The implication of this is that inflation may remain higher for longer and so interest rates will have to be pushed higher and kept at these higher levels for longer. Bond yields have been on the rise again with expectations for them to level out later in the year.
In the UK, economic forecasts have improved as energy prices have started to fall and consumer confidence has picked up, if only slightly. Construction activity has shown a continued fall in residential developments, but an increase in the commercial sector as recessionary fears appear to fade.
The Bank of England has said it does not anticipate further rate increases are required, going against the market consensus and the ECB and Fed. The BoE base rate currently sits at 4%, while futures markets forecast this will sit around 4.6% by December. Some investors believe that markets are overestimating where rates will end up – a theme we have seen this year already.
Elsewhere, with the Chinese economy now re-opening tensions with the US are increasingly strained. Despite this the two countries conducted over $700 billion of trade in 2022, highlighting how much these economies rely on each other.
European markets have surged higher this year despite an ever-challenging backdrop. Whether this is simply making up for lost ground last year or an over-optimistic approach by investors, this growth leaves little room for any disappointments.
The theme of high volatility has continued and is expected to do so until the second half of the year.
Areas of focus
- European equities continue to rise but whether this momentum can be sustained is key.
- Government bond yields are also rising as economic data points to higher inflation for longer. Investment conditions are set to improve later in the year, although this cannot be guaranteed.
- Corporate bond yields have dropped but are still an attractive investment, especially at the higher quality end.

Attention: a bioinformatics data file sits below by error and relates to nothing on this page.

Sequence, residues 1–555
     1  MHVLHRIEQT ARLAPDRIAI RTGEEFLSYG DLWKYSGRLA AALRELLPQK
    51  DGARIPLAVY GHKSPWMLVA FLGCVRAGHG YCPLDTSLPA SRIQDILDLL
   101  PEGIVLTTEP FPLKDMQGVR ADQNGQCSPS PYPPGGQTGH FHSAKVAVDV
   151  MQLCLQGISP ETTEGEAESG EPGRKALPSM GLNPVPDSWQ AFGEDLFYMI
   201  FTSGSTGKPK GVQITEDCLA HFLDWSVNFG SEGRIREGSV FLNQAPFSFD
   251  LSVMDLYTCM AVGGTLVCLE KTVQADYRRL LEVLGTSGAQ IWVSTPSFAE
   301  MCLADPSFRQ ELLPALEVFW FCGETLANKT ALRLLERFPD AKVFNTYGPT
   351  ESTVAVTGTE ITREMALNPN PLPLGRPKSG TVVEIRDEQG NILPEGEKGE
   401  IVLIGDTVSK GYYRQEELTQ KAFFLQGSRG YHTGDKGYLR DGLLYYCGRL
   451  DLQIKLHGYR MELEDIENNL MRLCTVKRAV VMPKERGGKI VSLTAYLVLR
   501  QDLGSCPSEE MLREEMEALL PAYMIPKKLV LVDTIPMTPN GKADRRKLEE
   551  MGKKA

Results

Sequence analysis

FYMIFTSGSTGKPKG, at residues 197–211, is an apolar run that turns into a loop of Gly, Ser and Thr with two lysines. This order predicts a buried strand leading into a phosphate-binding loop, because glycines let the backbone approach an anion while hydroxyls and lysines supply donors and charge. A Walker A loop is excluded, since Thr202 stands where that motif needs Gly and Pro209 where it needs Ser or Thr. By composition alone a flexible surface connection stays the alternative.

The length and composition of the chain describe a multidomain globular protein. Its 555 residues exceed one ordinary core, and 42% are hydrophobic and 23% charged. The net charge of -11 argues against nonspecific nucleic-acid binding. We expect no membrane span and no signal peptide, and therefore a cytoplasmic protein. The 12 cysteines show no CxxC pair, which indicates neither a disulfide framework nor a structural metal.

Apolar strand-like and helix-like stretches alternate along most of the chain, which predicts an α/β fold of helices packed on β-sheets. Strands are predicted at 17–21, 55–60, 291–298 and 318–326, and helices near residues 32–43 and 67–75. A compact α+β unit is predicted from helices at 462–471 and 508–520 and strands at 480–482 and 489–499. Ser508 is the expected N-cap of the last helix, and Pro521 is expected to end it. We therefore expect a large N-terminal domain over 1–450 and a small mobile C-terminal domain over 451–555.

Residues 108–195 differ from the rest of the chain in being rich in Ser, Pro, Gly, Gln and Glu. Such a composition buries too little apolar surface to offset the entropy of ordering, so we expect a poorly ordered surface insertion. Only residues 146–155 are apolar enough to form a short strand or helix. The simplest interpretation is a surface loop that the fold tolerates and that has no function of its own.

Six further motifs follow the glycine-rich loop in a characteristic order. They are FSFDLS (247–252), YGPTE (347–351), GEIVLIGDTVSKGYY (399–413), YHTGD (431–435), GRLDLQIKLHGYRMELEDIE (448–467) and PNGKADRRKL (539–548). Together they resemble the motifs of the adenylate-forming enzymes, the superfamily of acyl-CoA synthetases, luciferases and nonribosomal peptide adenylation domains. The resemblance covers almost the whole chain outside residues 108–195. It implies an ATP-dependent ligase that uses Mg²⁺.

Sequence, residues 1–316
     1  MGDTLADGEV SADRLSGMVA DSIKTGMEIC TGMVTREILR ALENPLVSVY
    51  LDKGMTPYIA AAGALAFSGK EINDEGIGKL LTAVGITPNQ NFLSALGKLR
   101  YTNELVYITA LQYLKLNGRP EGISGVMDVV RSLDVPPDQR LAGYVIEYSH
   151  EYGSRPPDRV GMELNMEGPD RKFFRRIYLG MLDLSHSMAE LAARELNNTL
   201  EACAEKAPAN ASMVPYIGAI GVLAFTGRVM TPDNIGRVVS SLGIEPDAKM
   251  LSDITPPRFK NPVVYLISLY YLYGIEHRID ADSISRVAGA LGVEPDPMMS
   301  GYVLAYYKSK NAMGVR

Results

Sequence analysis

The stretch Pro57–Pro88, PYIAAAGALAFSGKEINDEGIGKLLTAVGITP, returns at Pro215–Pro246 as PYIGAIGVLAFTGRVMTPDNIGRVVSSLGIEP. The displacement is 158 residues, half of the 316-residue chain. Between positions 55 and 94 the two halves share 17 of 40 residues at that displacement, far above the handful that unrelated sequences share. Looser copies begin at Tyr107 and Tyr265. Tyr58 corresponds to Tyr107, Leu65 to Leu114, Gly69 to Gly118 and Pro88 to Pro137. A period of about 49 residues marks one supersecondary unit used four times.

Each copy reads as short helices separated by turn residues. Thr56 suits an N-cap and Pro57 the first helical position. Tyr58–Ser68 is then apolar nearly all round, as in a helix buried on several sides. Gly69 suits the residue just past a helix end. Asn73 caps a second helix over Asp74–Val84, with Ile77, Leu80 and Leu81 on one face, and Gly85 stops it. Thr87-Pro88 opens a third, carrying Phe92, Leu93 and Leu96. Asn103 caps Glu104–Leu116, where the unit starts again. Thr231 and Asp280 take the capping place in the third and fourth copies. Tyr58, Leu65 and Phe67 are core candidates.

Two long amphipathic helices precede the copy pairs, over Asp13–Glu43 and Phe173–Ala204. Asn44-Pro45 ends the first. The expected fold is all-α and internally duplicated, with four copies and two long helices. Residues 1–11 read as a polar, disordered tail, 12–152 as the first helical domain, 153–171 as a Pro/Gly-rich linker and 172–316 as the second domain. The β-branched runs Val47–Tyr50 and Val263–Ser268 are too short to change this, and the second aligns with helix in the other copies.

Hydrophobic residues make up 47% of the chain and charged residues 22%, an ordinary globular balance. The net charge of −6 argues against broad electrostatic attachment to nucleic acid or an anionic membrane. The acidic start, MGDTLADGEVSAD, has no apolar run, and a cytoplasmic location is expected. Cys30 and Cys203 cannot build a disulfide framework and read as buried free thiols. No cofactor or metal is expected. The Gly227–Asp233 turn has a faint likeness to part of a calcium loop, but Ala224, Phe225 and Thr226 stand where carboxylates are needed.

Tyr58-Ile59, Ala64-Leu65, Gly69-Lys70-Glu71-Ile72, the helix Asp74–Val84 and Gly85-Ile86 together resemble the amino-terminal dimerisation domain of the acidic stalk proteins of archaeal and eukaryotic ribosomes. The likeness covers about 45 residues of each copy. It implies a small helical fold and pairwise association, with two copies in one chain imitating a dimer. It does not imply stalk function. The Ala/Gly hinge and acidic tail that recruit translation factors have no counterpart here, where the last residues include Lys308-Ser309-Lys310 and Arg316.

- US growth stocks have outperformed value investments this year but the conditions for value-based performance to improve are present. A diversified combination of both styles with individual stock picking represents the best bet, in our view.
- Despite the Chinese economy opening, long-term regulatory and political risks make individual stock selection in China key.
- The energy sector is still looking likely to outperform this year.
There have been lots of “balloons” flying over the US recently… Despite this increasingly testing relationship between the US and China, investors have been buoyed by recent Chinese economic data.
Manufacturing data shows factory activity has picked up and is at the highest level for over 10 years. So, does this mean Chinese stock markets are now a good place to invest?
Investors like to jump on any piece of positive news from China to say now is the time to invest. We saw this in both 2021 and at times in 2022. If you had invested in any one of these periods, the calendar year performance would have been 4.80% in 2021 and -15.13% in 2022.
China as an economy has many moving parts and as we have seen before, economic growth and equity market growth are not necessarily correlated. While economic activity may be picking up, longer term issues such as regulatory and political interference and a struggling property sector still weigh on asset values.
Global demand for Chinese exports is waning after disruptions from recently ended zero-covid policies, dropping by 9.9% in US Dollar terms. Businesses are attempting to bring trade back by attending overseas business events (at the government’s expense). Long-term the relationships may be damaged as importers have already looked to alternative suppliers to shore up supply chains.
Chinese GDP growth is still expected to be 6% this year, which sounds high relative to other countries. For China however this is low, as between 1992 and 2022 GDP growth averaged 9.04%.